The Ranger program at Jasper Ridge Biological Preserve is an opportunity for students and community members to participate in protecting the Preserve.
Rangers patrol the perimeter and trail system of Jasper Ridge Biological Preserve on mountain bikes. The Ranger Program encourages all interested persons to apply for positions.
Applications are accepted anytime, however the primary selection and training occurs at the beginning of Fall quarter each academic year.
Applications are only available from the Resident Ranger.
The Ranger Program was initiated to protect the integrity of Jasper Ridge Biological Preserve. Several times daily, Rangers patrol the perimeter fence and the more than 20 miles of trails and roads on mountain bikes provided and maintained by the Preserve. Mountain bikes are used because of their mobility, stealth, and low impact; they are the most efficient and least disruptive vehicles for maintaining security. Rangers are not enforcement, but as the eyes and ears of Jasper Ridge they check all gates, facilities, and trails daily to insure that the living laboratory that is the Preserve is not disturbed.
The Rangers interact with all members of the Jasper Ridge community and check the permit status of those they encounter in the Preserve. Rangers document and report any security problems or hazards and fill out a detailled log for each patrol. The program is managed by the Resident Ranger who oversees up to 8 volunteer or federal work study rangers per quarter.
Rangers are drawn primarily from Stanford University's Outdoor, Environmental, and Cycling clubs, from the Earth Systems and Biology programs, from the JRBP Docent Program, and include both graduate and undergraduate students, staff, alumni, and affiliates.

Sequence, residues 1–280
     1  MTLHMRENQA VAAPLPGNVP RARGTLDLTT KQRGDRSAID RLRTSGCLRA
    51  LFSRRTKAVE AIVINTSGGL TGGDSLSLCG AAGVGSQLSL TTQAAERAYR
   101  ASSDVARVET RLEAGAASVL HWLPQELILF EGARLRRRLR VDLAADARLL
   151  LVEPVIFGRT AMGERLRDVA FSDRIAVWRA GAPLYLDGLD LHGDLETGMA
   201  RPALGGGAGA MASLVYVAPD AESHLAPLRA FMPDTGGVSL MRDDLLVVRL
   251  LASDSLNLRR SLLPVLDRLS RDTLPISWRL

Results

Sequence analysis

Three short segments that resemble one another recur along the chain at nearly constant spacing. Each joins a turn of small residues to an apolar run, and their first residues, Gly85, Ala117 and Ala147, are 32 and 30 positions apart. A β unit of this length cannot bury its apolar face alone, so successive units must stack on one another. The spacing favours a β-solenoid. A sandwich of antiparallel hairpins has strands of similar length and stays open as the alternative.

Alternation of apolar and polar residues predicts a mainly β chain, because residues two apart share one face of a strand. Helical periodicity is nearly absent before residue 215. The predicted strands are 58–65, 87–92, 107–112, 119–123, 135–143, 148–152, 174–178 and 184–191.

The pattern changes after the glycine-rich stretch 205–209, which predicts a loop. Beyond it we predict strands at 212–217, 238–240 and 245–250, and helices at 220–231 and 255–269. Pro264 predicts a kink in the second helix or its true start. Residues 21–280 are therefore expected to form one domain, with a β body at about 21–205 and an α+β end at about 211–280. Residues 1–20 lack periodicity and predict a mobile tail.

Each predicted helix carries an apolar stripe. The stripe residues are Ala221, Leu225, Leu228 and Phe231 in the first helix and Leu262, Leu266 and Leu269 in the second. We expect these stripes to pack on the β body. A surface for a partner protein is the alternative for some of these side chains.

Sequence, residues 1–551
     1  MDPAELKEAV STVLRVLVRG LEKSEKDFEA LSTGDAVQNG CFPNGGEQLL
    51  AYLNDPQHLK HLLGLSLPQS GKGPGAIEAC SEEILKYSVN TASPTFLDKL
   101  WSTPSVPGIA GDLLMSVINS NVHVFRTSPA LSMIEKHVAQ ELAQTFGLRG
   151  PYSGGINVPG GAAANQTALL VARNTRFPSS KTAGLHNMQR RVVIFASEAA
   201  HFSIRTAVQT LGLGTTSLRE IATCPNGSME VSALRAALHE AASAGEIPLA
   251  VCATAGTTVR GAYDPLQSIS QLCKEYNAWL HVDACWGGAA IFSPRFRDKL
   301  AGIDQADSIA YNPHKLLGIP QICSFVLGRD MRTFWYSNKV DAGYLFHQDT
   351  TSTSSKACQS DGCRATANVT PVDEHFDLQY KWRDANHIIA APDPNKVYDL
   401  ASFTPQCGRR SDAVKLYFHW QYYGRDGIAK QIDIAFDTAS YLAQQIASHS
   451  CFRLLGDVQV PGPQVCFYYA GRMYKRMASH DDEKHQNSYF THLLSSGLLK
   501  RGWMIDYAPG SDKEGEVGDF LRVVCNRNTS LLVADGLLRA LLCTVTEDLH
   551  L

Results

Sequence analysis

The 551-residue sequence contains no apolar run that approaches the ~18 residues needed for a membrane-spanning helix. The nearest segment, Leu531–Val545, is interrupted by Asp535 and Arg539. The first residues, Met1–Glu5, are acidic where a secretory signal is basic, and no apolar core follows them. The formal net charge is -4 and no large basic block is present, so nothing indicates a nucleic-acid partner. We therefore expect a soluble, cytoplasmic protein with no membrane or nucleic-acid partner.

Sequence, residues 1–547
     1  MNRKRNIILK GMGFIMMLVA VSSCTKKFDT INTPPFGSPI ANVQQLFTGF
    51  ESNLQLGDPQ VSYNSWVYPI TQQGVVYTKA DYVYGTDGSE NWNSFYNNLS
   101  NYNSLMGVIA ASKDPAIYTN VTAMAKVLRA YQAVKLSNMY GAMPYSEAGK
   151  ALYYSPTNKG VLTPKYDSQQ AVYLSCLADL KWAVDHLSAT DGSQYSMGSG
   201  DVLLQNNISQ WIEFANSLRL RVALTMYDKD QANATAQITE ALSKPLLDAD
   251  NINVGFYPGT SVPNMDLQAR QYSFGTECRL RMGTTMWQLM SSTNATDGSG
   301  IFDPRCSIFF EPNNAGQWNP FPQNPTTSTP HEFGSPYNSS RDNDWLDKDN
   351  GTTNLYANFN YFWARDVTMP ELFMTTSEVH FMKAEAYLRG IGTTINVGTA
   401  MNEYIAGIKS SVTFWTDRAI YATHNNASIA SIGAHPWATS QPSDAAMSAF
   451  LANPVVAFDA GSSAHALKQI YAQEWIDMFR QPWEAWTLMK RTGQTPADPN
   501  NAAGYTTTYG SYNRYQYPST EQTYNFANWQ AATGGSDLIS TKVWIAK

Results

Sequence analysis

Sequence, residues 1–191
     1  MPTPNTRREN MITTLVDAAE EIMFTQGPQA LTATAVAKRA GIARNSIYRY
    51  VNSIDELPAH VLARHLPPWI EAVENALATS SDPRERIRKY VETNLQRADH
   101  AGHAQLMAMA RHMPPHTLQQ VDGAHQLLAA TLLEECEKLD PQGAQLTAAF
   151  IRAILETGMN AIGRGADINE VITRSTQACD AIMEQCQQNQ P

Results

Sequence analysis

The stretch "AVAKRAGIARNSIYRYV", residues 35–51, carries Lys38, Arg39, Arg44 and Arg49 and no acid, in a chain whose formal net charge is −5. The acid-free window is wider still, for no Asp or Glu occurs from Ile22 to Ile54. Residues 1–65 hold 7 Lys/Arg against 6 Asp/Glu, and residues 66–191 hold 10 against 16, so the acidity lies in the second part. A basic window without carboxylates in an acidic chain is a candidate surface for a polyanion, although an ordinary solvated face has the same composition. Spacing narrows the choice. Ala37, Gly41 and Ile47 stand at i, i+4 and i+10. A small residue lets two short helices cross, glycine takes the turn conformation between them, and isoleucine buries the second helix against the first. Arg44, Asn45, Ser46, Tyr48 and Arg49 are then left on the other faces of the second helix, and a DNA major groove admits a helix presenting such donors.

Rangers must be reliable, self-confident, and have the ability to ride a mountain bike on challenging terrain. An interest in natural history, and knowledge of bike repair and first aid are desirable.
The main gate to Jasper Ridge is approximately 5.5 miles from the quad at 4001 Sand Hill Road. The gate is 2 miles west of Highway 280, and 100 yards north from the intersection of Portola Road.
Volunteer/Federal Work Study
Most Rangers work as volunteers. If the student is qualified for federal work study, they will be compensated at the high end of the current pay scale.
Rangers may patrol up to 3 times per week, with a minimum of 2 patrols per week for the first two quarters. Patrols are entirly optional during finals and breaks, and suspended during severe weather conditions. There are 2 patrols scheduled per day. Each patrol is 2 hours long. Patrols must be ridden on a mountain bike. Walking or running patrols is not permitted. Rangers need to provide their own helmets, gloves, and eye protection.
Rangers are required to attend one meeting each quarter. A bike workshop may be also be required. The Fall Quarter Orientation Meeting is approximately on the 4th weekend after the quarter starts. Failure to attend the Fall meeting is cause for dismissal from the program.
Rangers may be asked to attend a work day. Workdays are offered each quarter and may involve trail maintenance and construction, invasive plant removal, material handling, trash pickup, or creek cleanup.
New Rangers are hired on a trial basis. The trial period is 5 weeks from your patrol orientation.
Applications and Contact Information
If you have any questions or application requests, contact the Resident Ranger, Brooke Fabricant, at 224-3780 or at firstname.lastname@example.org
H a p p y T r a i l s !